In other words, the understanding of the mechanism of hyperacusis is often extremely challenging and it is yet impossible to specifically locate a single structural change that is responsible for hyperacusis. There is no objective test for hyperacusis. Most people who develop hyperacusis will be referred to an ear doctor and receive a thorough evaluation including a full audiological assessment to determine the state of the auditory-vestibular system. In the USA, Doctors of Audiology perform these important assessments.
Careful case history and the use of Audiological Tests can help diagnose the condition. In particular, the LDL Test (loudness discomfort test) is of critical importance in determining the degree of hyperacusis. Normal LDL levels in most human ears tend to fall at 90 dB or greater at various pitches or frequencies. Again, there is very little normative data on LDL results in normal hearng populations for comparison.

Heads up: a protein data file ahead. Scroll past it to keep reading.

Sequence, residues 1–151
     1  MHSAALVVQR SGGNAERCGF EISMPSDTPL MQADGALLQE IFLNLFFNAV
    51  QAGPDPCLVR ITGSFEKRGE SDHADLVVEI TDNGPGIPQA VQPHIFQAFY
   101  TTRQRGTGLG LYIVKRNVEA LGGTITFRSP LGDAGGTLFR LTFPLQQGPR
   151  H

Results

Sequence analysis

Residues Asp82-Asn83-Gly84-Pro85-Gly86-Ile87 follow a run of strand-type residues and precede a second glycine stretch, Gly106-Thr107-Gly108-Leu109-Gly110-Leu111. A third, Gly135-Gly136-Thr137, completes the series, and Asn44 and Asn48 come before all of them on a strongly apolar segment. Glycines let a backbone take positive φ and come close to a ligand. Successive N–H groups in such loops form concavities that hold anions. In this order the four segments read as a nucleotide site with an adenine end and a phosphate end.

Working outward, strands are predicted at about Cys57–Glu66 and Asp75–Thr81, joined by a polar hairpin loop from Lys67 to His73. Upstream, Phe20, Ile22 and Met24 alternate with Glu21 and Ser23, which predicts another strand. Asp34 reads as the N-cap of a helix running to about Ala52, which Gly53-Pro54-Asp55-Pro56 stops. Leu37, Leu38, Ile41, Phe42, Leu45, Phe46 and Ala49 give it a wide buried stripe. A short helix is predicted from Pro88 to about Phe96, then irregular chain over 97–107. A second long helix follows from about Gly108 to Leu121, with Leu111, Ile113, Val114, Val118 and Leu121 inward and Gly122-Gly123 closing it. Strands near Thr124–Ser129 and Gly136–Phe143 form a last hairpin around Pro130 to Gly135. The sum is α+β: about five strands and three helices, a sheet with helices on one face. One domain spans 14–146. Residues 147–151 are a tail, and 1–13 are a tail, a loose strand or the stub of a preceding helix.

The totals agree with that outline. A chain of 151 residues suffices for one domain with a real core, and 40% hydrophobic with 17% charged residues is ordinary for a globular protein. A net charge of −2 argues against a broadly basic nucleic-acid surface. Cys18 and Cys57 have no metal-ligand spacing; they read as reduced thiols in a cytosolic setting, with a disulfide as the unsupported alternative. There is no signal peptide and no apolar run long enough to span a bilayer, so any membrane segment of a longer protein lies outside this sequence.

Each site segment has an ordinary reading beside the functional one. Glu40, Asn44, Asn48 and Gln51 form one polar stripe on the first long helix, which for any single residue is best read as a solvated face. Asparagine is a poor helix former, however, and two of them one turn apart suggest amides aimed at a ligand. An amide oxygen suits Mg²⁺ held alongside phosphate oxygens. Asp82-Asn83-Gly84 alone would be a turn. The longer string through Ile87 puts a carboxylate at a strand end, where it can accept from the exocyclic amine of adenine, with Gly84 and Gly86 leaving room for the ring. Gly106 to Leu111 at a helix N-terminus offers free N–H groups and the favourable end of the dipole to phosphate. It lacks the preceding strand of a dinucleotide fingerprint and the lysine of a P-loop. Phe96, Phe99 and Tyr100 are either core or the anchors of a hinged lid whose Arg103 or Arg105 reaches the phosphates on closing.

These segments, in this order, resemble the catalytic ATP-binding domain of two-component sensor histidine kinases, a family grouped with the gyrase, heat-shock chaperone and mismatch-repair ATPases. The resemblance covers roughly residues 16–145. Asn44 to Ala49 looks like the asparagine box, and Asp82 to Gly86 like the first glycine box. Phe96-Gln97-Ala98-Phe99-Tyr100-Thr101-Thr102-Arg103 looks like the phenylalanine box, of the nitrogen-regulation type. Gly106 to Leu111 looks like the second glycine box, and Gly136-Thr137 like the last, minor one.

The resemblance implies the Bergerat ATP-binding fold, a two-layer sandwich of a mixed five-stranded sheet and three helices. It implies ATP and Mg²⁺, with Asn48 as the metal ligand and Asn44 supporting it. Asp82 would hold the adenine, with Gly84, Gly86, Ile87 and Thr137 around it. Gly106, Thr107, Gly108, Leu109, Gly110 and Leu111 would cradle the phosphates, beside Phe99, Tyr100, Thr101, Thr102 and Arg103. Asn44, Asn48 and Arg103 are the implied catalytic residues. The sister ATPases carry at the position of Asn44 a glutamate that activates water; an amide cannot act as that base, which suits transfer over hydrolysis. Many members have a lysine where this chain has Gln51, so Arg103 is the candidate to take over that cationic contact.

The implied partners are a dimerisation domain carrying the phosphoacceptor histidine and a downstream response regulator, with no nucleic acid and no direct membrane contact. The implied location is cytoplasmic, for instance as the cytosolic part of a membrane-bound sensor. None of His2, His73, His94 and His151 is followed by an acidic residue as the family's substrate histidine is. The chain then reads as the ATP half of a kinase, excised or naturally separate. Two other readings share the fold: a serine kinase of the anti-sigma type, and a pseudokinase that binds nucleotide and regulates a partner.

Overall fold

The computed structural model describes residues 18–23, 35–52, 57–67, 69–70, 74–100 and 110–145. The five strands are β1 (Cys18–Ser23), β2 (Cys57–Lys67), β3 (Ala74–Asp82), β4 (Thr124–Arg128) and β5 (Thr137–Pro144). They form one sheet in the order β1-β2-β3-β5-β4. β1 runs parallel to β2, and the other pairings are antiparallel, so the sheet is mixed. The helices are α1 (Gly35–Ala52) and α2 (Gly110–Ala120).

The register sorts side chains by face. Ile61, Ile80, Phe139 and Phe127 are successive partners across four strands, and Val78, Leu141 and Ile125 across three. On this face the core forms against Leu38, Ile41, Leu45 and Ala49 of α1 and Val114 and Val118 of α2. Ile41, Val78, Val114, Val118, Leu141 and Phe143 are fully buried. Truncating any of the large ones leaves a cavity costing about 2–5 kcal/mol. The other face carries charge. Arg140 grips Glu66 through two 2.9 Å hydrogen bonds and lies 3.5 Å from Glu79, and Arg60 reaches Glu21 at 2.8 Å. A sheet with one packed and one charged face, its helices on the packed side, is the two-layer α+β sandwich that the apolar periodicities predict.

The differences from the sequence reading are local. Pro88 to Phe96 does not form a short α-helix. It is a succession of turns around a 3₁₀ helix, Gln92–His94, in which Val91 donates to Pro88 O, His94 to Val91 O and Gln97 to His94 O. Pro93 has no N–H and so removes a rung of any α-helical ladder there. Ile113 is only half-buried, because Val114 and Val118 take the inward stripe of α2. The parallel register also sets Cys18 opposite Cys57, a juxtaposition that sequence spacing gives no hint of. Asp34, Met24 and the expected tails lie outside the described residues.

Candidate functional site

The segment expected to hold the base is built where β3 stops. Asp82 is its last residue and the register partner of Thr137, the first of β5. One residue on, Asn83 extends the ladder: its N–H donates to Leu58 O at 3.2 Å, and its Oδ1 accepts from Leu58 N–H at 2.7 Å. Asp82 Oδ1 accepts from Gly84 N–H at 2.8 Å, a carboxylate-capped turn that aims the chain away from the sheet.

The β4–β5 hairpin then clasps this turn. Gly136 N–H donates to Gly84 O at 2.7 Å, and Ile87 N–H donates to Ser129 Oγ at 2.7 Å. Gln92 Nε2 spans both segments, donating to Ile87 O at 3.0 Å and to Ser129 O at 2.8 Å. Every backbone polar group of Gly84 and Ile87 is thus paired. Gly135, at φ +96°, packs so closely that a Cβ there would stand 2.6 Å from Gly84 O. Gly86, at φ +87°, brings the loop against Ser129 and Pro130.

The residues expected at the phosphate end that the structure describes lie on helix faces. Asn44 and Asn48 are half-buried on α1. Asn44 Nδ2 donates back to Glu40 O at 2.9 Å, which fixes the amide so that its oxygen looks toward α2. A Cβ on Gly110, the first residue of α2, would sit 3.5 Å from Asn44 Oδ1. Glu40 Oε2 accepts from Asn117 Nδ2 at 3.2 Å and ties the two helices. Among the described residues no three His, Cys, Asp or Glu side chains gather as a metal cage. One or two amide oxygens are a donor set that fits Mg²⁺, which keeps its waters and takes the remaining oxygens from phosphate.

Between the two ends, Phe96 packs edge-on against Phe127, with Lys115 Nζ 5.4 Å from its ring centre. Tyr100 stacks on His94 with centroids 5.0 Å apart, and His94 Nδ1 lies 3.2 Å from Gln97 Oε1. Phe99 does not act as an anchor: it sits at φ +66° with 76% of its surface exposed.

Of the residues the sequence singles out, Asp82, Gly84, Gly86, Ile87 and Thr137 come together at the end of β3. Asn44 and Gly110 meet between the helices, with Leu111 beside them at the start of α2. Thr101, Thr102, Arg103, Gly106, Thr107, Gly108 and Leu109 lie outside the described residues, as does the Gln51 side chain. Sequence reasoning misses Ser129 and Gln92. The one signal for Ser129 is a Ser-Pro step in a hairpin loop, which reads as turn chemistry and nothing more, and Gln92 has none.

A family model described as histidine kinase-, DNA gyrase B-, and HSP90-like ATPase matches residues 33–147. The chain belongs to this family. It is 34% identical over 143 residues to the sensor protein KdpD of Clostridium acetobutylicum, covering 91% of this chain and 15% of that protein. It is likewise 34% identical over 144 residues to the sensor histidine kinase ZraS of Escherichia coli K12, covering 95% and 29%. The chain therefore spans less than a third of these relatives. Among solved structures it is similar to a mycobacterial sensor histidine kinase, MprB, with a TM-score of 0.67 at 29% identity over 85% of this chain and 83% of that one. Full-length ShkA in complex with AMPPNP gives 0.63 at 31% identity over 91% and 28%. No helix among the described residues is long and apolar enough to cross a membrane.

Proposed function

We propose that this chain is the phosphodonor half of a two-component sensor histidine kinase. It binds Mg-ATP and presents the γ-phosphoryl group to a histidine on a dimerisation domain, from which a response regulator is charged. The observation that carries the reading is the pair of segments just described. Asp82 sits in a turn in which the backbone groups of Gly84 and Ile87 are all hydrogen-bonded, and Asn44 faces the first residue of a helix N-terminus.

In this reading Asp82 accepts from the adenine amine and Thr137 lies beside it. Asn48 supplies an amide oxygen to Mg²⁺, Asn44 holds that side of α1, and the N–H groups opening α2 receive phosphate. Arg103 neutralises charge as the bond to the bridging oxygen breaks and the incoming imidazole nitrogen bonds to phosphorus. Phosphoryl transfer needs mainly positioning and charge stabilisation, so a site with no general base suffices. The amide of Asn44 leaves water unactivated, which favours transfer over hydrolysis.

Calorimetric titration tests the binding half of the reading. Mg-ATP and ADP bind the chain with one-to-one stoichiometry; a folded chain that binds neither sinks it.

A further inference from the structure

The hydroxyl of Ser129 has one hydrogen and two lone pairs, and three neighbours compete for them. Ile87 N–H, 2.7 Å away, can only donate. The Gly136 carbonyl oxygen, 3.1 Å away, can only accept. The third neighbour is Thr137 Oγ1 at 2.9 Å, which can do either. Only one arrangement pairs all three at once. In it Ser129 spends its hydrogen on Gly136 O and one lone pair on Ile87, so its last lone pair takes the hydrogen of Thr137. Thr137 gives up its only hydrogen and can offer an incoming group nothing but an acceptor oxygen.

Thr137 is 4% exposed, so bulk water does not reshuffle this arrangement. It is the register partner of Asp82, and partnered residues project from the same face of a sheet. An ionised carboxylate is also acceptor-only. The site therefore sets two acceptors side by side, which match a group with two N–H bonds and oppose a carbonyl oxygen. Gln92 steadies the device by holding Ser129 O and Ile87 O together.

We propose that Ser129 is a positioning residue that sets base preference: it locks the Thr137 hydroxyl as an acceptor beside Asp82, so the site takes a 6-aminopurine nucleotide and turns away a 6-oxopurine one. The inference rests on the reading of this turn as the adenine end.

The billions of electrical signals that are processed by our central nervous system must be ordered and prioritized for our practical use. If you are reading a good book, and a bee stings you, the effect is dramatic and the primary activity instantaneously shifts! In the case of hyperacusis, detecting which of these billions of electrical or biochemical processes has changed is still impossible. But with proper, experienced, thorough investigation, and coordination with all the medical providers, often a reasonable conclusion can be established for a particular patient.
The most common causes of hyperacusis are
Hearing Loss, Noise Injury
Head Injury or Whiplash type injury
Acoustic Trauma, i.e. airbag explosion or gunshot
Adverse reaction to medication or surgeries, particularly Central Nervous System drugs
Chronic ear infections
Auto immune disorders
By far, the most common causes of hyperacusis are noise injuries and head injuries. Neck injuries can also contribute, i.e., whiplash. There remain huge areas of medical scientific research and data accumulation that must be explored before we can really begin to define and understand the different types of hyperacusis, and the origins of this troubling disorder.
Good Links: www.tinnitus-audiology.com Dr. Marsha Johnson's main website, full of articles, links, research, and more
Other Auditory Conditions which can Affect your Hearing: